Death toll from Hawaii wildfires drops to 97

File photo: Destroyed homes are visible in the aftermath of a devastating wildfire in Lahaina, Hawaii, Tuesday, Aug. 22, 2023. The National Oceanic and Atmospheric Administration announced Monday, Sept. 11, that there have been 23 weather extreme events in America that cost at least $1 billion this year through August, eclipsing the year-long record total of 22 set in 2020.

Reuters :
The death toll from last month’s wildfires on the Hawaiian island of Maui has dropped to 97 and the number of people missing is now 31, Hawaii Governor Josh Green told CNN in an interview on Friday.

Green said last week the death toll was 115 and 66 people were missing.

“The death toll dropped because we have Department of Defense anthropologists who are able to do a lot more advanced genetics.

They were able to make sure we weren’t tragically commingling any of the people we lost,” Green said.

The grassland fire on 8 Aug raced down the base of a volcano sloping into the tourist resort town of Lahaina, destroying or damaging some 2,200 buildings.

The commingling of remains was a particular issue in Lahaina, with some victims believed to have fled with other people or with pets.

Green said the number of people whose whereabouts were unconfirmed — those who have been reported missing and not found among the dead or confirmed safe — now stood at 31.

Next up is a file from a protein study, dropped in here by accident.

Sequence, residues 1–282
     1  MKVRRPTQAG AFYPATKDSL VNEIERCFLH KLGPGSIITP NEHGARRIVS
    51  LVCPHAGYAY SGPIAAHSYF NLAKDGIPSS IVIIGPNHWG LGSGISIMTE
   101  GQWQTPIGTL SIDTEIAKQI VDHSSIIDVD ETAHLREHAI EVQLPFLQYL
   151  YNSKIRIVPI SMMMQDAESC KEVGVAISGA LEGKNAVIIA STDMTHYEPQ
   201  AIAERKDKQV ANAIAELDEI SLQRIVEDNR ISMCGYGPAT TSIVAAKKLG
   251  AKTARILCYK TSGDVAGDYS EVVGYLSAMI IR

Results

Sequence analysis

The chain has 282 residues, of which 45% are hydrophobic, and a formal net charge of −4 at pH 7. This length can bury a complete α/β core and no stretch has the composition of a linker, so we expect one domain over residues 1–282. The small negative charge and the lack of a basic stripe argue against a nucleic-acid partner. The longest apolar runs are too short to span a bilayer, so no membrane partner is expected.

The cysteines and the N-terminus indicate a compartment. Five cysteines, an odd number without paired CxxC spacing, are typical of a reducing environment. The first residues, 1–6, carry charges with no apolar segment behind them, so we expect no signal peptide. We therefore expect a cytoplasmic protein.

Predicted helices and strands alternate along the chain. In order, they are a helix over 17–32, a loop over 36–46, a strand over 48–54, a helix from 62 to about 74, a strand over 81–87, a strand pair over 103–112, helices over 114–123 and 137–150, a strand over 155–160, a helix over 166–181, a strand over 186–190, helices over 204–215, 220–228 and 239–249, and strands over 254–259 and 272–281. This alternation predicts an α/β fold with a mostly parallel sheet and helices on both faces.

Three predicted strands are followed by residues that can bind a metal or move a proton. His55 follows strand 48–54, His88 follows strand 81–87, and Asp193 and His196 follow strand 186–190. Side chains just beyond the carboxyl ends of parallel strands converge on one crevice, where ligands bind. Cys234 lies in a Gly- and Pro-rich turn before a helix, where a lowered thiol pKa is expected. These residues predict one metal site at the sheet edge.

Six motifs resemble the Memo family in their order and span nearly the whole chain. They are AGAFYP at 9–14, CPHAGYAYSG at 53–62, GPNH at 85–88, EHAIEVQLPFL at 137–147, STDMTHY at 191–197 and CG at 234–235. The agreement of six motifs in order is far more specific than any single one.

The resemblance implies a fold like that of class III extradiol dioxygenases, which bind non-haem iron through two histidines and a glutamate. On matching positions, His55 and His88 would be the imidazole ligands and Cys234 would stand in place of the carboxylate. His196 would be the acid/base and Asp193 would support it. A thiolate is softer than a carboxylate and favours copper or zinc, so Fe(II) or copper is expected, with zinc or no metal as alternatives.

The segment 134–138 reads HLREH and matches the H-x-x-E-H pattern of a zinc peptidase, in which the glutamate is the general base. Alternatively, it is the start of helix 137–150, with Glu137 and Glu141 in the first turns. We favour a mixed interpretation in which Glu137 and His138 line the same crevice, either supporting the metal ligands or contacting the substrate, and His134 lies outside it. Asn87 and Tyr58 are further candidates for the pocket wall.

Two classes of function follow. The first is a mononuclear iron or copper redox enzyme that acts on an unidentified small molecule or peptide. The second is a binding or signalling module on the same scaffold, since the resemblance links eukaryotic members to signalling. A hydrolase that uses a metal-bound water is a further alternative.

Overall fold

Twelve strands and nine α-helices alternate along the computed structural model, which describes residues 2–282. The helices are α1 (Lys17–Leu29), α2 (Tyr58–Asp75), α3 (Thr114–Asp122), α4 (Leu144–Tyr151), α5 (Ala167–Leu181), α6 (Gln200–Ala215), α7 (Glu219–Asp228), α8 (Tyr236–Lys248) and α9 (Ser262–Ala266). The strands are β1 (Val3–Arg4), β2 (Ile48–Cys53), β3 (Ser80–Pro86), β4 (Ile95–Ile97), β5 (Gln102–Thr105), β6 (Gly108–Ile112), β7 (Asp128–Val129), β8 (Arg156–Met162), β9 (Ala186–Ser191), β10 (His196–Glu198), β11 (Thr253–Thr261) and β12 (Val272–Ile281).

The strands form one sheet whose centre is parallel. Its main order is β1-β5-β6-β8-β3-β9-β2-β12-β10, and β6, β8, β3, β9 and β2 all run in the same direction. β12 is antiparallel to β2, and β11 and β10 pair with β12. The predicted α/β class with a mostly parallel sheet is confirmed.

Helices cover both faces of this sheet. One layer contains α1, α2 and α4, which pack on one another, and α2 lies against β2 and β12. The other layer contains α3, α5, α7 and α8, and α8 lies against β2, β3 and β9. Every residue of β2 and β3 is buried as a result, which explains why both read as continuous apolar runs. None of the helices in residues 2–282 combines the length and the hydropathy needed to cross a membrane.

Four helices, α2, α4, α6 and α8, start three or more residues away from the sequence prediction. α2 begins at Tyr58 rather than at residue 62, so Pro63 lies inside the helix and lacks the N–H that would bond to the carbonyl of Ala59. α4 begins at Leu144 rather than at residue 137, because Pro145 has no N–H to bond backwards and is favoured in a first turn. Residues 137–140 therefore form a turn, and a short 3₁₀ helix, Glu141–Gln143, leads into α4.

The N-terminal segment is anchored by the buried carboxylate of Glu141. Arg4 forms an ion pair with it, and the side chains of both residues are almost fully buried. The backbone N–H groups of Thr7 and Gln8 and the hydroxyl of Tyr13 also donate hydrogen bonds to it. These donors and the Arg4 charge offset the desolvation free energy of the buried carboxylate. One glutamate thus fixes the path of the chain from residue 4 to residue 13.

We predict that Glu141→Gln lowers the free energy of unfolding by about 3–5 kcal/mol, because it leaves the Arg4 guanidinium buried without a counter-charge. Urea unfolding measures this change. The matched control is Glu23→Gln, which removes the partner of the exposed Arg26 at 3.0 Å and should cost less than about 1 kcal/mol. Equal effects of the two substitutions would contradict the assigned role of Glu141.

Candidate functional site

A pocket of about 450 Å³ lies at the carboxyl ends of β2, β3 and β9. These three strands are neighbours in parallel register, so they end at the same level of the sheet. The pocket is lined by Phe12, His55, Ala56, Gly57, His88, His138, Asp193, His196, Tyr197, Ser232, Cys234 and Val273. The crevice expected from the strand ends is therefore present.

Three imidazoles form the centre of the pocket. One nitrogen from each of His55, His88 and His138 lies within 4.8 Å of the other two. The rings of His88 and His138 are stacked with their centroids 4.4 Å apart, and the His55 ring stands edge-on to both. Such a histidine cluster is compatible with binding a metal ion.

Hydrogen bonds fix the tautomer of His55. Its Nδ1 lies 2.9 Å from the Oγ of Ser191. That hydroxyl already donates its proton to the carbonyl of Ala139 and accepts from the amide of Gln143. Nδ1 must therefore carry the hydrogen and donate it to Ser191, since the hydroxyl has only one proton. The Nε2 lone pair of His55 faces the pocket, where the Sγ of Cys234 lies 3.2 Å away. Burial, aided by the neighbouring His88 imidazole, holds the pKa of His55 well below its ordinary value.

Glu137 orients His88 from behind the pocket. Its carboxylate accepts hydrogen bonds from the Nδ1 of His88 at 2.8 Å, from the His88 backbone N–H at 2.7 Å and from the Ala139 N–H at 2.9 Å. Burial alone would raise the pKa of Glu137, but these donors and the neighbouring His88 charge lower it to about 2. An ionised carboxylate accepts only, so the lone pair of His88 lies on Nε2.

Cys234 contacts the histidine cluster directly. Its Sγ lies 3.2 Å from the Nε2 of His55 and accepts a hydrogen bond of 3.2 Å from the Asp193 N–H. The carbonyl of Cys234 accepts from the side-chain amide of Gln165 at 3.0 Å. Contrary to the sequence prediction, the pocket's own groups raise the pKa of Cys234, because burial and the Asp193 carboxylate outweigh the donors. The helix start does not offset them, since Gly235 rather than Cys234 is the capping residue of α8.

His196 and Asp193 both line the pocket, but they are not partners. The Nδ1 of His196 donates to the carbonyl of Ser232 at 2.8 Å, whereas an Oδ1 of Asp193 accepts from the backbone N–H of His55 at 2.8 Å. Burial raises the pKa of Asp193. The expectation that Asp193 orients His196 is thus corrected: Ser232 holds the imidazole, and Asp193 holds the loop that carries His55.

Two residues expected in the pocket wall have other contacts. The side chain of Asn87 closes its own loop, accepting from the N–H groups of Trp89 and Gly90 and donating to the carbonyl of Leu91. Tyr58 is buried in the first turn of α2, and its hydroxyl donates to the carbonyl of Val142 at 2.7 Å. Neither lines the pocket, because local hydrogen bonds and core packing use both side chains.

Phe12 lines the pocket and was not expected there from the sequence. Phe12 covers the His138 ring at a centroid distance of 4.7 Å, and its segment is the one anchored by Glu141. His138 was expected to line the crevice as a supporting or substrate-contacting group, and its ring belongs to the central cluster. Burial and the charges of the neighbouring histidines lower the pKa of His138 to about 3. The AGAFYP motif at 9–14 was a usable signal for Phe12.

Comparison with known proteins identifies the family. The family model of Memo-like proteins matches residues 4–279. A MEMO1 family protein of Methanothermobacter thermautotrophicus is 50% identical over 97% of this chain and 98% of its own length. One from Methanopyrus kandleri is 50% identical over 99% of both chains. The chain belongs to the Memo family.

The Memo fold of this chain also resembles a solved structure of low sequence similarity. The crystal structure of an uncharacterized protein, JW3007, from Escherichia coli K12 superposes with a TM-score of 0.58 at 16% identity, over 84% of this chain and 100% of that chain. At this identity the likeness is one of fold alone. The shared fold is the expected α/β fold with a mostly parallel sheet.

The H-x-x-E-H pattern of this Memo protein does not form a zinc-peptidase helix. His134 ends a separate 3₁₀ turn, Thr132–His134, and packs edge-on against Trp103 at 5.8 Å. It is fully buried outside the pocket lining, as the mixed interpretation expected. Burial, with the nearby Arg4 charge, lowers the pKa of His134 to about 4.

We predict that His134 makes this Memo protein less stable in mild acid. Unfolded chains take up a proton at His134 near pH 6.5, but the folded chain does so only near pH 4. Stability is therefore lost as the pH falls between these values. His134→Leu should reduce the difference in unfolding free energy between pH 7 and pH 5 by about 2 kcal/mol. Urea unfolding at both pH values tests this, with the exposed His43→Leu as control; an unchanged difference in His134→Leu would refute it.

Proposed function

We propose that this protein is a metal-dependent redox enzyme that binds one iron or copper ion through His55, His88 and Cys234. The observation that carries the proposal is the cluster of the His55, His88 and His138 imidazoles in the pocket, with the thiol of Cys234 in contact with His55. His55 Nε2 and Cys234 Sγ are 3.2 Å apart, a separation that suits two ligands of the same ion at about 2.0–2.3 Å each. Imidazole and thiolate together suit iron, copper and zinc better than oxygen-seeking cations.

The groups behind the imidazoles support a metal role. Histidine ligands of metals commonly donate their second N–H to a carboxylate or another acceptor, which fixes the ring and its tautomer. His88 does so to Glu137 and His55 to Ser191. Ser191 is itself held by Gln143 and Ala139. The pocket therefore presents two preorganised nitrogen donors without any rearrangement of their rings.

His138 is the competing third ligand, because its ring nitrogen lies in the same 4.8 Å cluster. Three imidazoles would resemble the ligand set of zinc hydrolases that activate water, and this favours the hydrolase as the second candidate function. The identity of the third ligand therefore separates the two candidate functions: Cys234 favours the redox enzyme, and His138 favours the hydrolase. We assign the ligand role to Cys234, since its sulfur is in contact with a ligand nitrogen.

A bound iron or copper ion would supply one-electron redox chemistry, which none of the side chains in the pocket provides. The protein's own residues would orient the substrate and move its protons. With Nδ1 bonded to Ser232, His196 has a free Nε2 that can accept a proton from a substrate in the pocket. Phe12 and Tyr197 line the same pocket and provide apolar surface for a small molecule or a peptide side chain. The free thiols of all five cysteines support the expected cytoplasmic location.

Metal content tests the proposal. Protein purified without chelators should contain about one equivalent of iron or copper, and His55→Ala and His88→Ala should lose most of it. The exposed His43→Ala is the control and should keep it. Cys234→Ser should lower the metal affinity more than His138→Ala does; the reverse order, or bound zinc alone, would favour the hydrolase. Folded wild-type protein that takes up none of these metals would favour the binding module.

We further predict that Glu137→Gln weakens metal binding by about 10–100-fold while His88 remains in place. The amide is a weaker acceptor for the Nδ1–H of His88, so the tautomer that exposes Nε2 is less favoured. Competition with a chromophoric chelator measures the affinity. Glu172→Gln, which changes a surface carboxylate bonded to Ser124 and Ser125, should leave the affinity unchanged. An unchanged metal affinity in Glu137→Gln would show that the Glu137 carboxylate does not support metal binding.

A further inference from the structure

“So we get these numbers more and more refined, but fewer people have been lost,” he said.

The August 8 blaze levelled the historic royal seat of Lahaina with flames that appeared to have erupted from a downed power line as fierce winds whipped the archipelago.

The fire produced such intense heat that it melted metal and left mounds of ash where houses once stood.

Authorities have come in for criticism over their handling of the disaster, with locals saying they were given no warning of the impending fire.

The head of Maui’s emergency management agency resigned after criticism that warning sirens were not sounded.

There has also been anger over the recovery effort, with officials lashed over what some said was a slow response to finding places to live for the thousands of people left homeless in the tragedy.